From 22.57s, the gap to Ricciardo began to shrink at an incredible rate, but this is where the leader made his consistency really count. Despite the threat, the Red Bull man maintained a pace in the low-1’53s, refusing to be drawn into a dogfight that would only destroy his tyres in the closing laps.
A Calculated Win
As the immediate effectiveness of Rosberg’s rubber deteriorated toward the end of the race, Ricciardo was rewarded with victory – and deservedly so following a superbly executed race, yet there were still some lingering worries. “I think we had some really good pace today and surprised ourselves. […] It was difficult staying out at the end of the race,” said Ricciardo.
Considering the length of Ricciardo’s final stint, there were naturally some concerns as to whether the Pirelli’s would last, but Australian was keen to reassure his engineer Simon Rennie.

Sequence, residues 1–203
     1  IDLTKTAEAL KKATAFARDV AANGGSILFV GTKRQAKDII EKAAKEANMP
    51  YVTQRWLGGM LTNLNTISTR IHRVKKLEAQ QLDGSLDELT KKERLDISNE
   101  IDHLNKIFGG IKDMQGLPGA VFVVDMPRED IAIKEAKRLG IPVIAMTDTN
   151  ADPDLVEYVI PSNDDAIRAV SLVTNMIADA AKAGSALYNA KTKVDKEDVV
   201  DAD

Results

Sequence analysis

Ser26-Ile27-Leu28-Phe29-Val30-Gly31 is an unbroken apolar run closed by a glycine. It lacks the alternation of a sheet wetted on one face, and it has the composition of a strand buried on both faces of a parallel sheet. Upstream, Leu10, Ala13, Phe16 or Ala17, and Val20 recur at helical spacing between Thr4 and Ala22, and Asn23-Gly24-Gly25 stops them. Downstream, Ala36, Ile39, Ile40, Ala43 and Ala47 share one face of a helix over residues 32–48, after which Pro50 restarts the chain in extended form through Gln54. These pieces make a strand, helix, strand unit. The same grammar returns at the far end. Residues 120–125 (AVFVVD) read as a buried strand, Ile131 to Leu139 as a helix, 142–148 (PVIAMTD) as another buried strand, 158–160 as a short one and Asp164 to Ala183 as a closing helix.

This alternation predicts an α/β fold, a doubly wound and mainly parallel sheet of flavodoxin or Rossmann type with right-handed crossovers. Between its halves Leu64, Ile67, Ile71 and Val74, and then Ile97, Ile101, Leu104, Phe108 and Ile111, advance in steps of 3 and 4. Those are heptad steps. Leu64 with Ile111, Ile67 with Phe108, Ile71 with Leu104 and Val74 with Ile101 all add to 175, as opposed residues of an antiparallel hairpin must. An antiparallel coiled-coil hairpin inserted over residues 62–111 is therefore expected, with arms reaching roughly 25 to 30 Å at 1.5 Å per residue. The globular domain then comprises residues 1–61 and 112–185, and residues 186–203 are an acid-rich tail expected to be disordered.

“I said I think I can keep more or less this pace, and we were able to, then on the last lap I found a couple more tenths. Today was more calculated and it was nice to win under different circumstances.”
Rosberg was 3.3s shy of the top step come the flag and for all of his valiant efforts late on, the race was lost in that second lap contact. “We had the pace to win today but the incident cost us a top result, so I’m really disappointed because for the team.”
There was further controversy following the race when Hamilton told crash.net that Rosberg admitted to not lifting off on the approach to Les Combes, initiating the incident. “We just had a meeting about it and […] he said he did it on purpose, he said he could have avoided it. He said ‘I did it to prove a point’…”